I have just finished my cushion for the fancy fair department. It bids fair to be a cool day for a picnic dinner.
I went to Mr. McCampbell’s last night & we all went up to Waveland to practice for next Sat.
We had a pleasant ride & found all well at the parsonage.
[Editor’s Note: They are preparing for a harvest event, probably at the church. What are the practicing? Choir?
This is the only reference in the diary to the parsonage, which is where I assume she lived while in Waveland. We don’t know for sure where the Presbyterian parsonage was at that time. Her wedding reception two years later would be held at the parsonage, as mentioned on the invitation sent out by Emma.]
[No diary entry this day]
This has been a long, tiresome day but a pleasant one. Nearly the entire neighborhood went to Indianapolis. We saw the candidate for the presidency, went through the Blind Asylum & the State House — I also went shopping. Rec’d a letter from F.
[Editor’s Note: This is one of my favorite diary entries. I am amazed at the thought of the entire neighborhood, including the school, taking a field trip to Indianapolis. I am sure this was a major event for a community back in that time requiring a significant undertaking to travel. It is possible that was the only time many of those families ever went to the big city.
In 1888 Benjamin Harrison was running for President. He had been nominated earlier that summer at the Republican Convention, back when the candidates were actually chosen by the delegates at the event after many rounds of voting and back room negotiations. He had not been a leading candidate going into the election season, but was considered the least objectionable to various factions and therefore most winnable. Not one of the more famous presidents, he was caught in a highly political time, with a change of controlling party in Congress at midterm elections, and senators and congressmen focused on getting re-elected instead of working together. Sound familiar? I recommend Charles Calhoun’s biography on Harrison to learn more.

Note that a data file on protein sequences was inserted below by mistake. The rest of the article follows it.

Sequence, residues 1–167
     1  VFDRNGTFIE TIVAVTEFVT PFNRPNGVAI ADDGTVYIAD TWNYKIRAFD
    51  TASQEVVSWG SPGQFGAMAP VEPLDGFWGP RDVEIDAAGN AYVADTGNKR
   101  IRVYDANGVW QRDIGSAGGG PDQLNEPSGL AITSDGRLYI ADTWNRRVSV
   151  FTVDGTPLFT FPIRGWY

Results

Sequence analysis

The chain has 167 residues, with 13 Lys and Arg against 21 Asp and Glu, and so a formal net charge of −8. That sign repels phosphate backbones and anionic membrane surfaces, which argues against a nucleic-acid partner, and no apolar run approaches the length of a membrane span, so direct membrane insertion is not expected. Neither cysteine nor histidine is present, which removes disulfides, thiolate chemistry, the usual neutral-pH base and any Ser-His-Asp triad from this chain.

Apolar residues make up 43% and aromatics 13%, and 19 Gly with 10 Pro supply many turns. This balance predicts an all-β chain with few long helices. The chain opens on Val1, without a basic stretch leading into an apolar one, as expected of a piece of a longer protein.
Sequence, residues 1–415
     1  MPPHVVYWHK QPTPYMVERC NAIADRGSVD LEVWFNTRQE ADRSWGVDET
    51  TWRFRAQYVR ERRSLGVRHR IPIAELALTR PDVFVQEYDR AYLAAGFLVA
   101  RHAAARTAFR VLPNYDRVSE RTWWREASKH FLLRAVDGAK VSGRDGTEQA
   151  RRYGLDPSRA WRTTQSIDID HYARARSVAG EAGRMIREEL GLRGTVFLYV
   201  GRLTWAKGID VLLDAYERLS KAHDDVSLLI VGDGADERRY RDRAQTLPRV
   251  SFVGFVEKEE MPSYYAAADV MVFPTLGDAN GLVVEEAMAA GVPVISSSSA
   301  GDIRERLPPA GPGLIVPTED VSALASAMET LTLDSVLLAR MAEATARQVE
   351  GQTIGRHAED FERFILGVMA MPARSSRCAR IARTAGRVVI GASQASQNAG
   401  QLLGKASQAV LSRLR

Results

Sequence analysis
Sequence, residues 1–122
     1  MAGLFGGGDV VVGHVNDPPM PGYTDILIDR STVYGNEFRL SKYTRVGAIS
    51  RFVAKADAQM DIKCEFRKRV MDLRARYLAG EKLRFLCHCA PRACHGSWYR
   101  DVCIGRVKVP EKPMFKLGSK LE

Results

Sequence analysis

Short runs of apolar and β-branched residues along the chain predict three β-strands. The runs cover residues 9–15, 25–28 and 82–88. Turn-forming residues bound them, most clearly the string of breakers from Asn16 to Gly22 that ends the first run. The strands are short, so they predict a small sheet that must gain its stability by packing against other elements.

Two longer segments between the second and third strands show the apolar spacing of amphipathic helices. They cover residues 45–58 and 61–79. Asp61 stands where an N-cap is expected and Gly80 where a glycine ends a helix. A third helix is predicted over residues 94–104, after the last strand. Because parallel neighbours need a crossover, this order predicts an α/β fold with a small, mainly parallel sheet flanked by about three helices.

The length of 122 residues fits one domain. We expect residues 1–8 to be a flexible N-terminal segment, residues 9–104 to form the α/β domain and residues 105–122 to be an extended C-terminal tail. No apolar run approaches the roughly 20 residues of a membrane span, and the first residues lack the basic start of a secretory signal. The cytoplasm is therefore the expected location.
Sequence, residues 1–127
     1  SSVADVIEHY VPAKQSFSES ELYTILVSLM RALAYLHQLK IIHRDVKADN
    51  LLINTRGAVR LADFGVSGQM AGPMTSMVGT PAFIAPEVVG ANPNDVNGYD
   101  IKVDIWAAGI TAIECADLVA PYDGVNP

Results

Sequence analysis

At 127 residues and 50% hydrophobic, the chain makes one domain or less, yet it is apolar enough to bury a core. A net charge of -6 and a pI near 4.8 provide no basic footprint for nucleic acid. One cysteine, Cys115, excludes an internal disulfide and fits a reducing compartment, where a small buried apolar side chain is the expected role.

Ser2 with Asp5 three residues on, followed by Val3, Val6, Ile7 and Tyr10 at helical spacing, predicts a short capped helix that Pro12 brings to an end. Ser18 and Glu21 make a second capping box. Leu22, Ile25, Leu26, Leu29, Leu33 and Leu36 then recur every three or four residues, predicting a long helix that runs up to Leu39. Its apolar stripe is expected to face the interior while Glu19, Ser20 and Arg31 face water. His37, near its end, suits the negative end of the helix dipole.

In 1888, the custom was for the candidates not to actively campaign. That was the job of their supporters. Harrison conducted what was called a “front porch campaign”, giving speeches and making appearances at his house in Indianapolis. There was even a more than 10-foot tall ball with campaign slogans that a supporter rolled from Maryland to his house that summer. I don’t know if it had arrived by September 25, but if it had Minnie and the folks most certainly would have seen it.
This all just piques my interest more. How frequently did Harrison make speeches as crowds gathered? Did he individually greet every visitor or were there too many? Were there other activities at the house or nearby for visitors? Did local proprietors cater to campaign visitors with food or lodging? Was it common for schools or small communities to even make such field trips to see the candidate? Was there anything special about September 25?
The Benjamin Harrison house is today a museum in Indianapolis. I contacted the curator at the museum with these questions and she is researching to see what she can find out. She said he made more than 80 impromptu speeches from June through November there.
The Blind Asylum was an imposing structure downtown and the State Capitol had just been completed that year after 10 years of construction. Both were on a list of attractions to see when visiting the 1890 state fair, so they were the common for visitors of that era.
I wonder where she went shopping?
But mostly I wonder how big a deal this was for the community. Did they travel specifically to meet the presidential candidate? Was this a once-in-a-lifetime trip for some people, or was it common to travel to Indianapolis from time to time for everyone? With the railroad it may not have been that difficult to travel. Regardless, I imagine this trip was talked about in the community for years to come.]
One or two new pupils today.
All my school is excited over the prospect of our trip tomorrow. All are going but one or two.